Evangelical theologian makes biblical case for LGBT equality
I wanted to draw your attention to a new book that makes a biblical case for LGBT equality (full disclosure: I edited the book and my dad is the author). The book is called Jesus, the Bible, and Homosexuality: Explode the Myths, Heal the Church by Jack Rogers who is the former Moderator (highest elected official) in the Presbyterian Church (U.S.A.).
As Nate Silver at fivethirthyeight.com pointed out in a recent post, the three biggest factors that influence whether a state will approve same-sex marriage are: “1. The year in which the amendment was voted upon [every year public support for same-sex marriage increases by about 2%]; 2. The percentage of adults in 2008 Gallup tracking surveys who said that religion was an important part of their daily lives; 3. The percentage of white evangelicals in the state.”
But what Nate's post didn't take into account is that within almost all Christian denominations in the U.S. are active LGBT advocacy groups working to change hearts and minds from within that faith tradition. Dr. Rogers is one a number of evangelical theologians who have become vocal supporters of LGBT equality (in his case he is working to reform the Presbyterian Church USA from within).
I sat down with Dr. Rogers (he is family after all) to talk about his new book.
(The interview is below the fold.)
Me: Why did you write this book?
JR: I wrote this book to help heal the church. For decades the church has been divided over whether to ordain and marry people who are LGBT. It seems to me that the debate highlights different methods of Biblical interpretation. In my book, I show that the proper way to interpret the Bible is through the lens of Jesus’ redemptive life and ministry. When we interpret the Bible in this way, we see that we are called, by the Bible, to grant equal rights to people who are LGBT. The church won’t be healed until it does the right thing — which is to grant equal rights to people who are LGBT.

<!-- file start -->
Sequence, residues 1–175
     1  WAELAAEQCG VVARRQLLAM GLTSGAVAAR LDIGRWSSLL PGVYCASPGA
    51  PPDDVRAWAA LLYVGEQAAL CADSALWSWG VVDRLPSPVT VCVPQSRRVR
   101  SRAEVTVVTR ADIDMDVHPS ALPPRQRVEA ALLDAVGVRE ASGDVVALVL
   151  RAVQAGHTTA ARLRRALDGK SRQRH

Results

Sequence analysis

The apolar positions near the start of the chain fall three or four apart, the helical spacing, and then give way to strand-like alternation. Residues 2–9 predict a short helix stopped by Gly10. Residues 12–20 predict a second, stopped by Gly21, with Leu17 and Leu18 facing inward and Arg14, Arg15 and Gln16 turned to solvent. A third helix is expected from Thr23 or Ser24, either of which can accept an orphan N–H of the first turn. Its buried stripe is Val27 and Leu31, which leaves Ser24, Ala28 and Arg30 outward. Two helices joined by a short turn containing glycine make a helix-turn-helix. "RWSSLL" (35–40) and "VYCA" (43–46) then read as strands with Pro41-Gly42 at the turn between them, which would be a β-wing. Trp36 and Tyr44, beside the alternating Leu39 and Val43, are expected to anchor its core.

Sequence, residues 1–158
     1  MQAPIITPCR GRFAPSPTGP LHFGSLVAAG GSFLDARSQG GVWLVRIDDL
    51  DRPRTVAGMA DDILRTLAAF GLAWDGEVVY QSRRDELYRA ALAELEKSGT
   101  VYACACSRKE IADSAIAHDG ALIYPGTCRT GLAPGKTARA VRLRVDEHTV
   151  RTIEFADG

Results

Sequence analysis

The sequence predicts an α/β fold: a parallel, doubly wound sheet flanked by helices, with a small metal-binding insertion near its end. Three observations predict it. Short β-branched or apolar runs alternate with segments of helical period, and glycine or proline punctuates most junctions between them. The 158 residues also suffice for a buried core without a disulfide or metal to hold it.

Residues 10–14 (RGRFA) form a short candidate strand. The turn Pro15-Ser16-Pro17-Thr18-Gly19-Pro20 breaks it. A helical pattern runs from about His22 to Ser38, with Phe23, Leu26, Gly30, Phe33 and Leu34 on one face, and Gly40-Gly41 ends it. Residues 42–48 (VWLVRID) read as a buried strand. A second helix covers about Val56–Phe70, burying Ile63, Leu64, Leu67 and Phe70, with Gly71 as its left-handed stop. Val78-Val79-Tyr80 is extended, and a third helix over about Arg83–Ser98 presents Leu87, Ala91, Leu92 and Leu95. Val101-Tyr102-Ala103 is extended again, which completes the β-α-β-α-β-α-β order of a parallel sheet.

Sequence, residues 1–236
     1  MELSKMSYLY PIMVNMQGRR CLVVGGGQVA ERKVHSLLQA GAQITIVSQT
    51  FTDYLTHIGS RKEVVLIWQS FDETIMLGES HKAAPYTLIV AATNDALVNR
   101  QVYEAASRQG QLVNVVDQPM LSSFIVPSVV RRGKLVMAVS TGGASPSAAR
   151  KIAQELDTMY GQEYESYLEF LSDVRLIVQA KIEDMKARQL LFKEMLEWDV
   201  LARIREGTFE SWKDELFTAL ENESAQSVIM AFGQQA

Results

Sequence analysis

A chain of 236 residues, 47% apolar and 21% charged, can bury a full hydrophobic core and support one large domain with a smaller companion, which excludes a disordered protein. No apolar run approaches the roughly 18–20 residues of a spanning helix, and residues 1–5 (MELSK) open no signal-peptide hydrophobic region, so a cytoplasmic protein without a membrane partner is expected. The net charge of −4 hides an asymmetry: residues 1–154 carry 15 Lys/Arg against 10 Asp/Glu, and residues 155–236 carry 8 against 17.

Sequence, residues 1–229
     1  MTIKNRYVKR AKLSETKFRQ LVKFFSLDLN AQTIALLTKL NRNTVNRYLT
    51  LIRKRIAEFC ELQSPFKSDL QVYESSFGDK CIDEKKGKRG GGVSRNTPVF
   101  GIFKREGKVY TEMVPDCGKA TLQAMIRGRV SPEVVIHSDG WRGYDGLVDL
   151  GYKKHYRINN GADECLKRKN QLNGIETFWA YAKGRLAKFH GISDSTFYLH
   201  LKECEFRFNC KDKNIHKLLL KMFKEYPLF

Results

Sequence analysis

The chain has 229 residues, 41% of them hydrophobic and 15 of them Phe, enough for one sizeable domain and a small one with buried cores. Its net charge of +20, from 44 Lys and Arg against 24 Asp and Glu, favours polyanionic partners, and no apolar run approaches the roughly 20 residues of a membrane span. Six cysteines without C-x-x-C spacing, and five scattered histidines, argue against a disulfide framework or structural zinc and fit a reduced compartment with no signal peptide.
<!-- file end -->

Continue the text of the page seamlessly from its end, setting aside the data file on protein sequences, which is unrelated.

Me: In the book, you make some intriguing remarks about the relationship between homophobia and patriarchy. What is this relationship all about?
JR: Women, in ancient, patriarchal cultures were assumed to be inferior to men. Thus, men who did not conform to traditional masculine roles were assumed, like women, to be inferior. Homophobia, the irrational contempt for people who are sexually different, is rooted in sexism, the prejudice that women are inferior to men. In our present culture, the people most opposed to homosexuality (like James Dobson at Focus on the Family) also demand male dominance in marriage, the family, and society.
Me: In the book you also talk about the progress toward LGBT equality in other denominations. What is the state of the broader movement for LGBT equality within the American faith community?
JR: Several denominations already have official policies of full LGBT equality including the Metropolitan Community Churches, the United Church of Christ, and the Unitarian Universalist Association. Several other denominations are making good progress including the Episcopal Church, my own Presbyterian Church (U.S.A.), the Evangelical Lutheran Church in America which is very close to a breakthrough, and the Methodist Church which has majority support for LGBT equality here in the U.S. but is still lacking the support of their international brothers and sisters. Finally there are the denominations which are dug in or going backwards — such as the Roman Catholic Church and the Southern Baptist Convention — but even within those denominations there are active advocacy groups working for change. Fifty years ago there were no out LGBT clergy or LGBT advocacy groups in any denomination. Now many denominations have out clergy and all denominations have active LGBT advocacy groups. This is really remarkable progress within a relatively short space of time.
To learn more about the book or Dr. Rogers check out:
Harry Knox, Director, Religion and Faith Program at The Human Rights Campaign says, “Rogers offers both a rigorous yet accessible theological study and a model of spiritual discernment that is essential reading for anyone struggling to reconcile their faith with the needs of the lesbian, gay, bisexual and transgender community.”
William Stacy Johnson, author of A Time to Embrace: Same-gender Relationships in Religion, Law, and Politics says “The compelling biblical and theological case Jack Rogers makes for the full acceptance of gay couples is simply impossible to ignore.”
Rev. Janet Edwards, Parish Associate, Community of Reconciliation, Pittsburgh, PA writes: “Searching Scripture even more widely, sharing the progress toward equality across a broad range of denominations and describing his encounters with so many devout LGBT folk, Jack shows us how we can biblically and truthfully include all our children in the gospel promise, 'Jesus loves me, this I know.'”